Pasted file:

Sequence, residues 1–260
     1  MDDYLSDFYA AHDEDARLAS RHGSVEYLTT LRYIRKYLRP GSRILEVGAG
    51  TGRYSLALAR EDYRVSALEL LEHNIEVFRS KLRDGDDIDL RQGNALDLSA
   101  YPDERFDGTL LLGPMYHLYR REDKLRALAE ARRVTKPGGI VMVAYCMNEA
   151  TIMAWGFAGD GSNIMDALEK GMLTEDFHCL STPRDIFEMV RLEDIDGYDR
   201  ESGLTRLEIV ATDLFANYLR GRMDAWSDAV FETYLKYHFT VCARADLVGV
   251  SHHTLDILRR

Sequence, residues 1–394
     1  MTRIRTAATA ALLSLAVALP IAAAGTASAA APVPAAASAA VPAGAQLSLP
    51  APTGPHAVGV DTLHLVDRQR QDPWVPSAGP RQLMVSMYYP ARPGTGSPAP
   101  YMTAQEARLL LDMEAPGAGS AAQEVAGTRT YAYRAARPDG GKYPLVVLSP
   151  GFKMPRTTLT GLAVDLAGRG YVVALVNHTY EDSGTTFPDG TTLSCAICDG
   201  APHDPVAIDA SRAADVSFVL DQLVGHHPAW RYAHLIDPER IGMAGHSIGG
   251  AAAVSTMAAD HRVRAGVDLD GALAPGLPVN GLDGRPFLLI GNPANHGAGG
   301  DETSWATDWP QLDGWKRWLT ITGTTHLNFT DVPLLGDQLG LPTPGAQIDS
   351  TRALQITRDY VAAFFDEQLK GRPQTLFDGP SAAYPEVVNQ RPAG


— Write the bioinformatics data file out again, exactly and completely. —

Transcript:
Sequence, residues 1–260
     1  MDDYLSDFYA AHDEDARLAS RHGSVEYLTT LRYIRKYLRP GSRILEVGAG
    51  TGRYSLALAR EDYRVSALEL LEHNIEVFRS KLRDGDDIDL RQGNALDLSA
   101  YPDERFDGTL LLGPMYHLYR REDKLRALAE ARRVTKPGGI VMVAYCMNEA
   151  TIMAWGFAGD GSNIMDALEK GMLTEDFHCL STPRDIFEMV RLEDIDGYDR
   201  ESGLTRLEIV ATDLFANYLR GRMDAWSDAV FETYLKYHFT VCARADLVGV
   251  SHHTLDILRR

Sequence, residues 1–394
     1  MTRIRTAATA ALLSLAVALP IAAAGTASAA APVPAAASAA VPAGAQLSLP
    51  APTGPHAVGV DTLHLVDRQR QDPWVPSAGP RQLMVSMYYP ARPGTGSPAP
   101  YMTAQEARLL LDMEAPGAGS AAQEVAGTRT YAYRAARPDG GKYPLVVLSP
   151  GFKMPRTTLT GLAVDLAGRG YVVALVNHTY EDSGTTFPDG TTLSCAICDG
   201  APHDPVAIDA SRAADVSFVL DQLVGHHPAW RYAHLIDPER IGMAGHSIGG
   251  AAAVSTMAAD HRVRAGVDLD GALAPGLPVN GLDGRPFLLI GNPANHGAGG
   301  DETSWATDWP QLDGWKRWLT ITGTTHLNFT DVPLLGDQLG LPTPGAQIDS
   351  TRALQITRDY VAAFFDEQLK GRPQTLFDGP SAAYPEVVNQ RPAG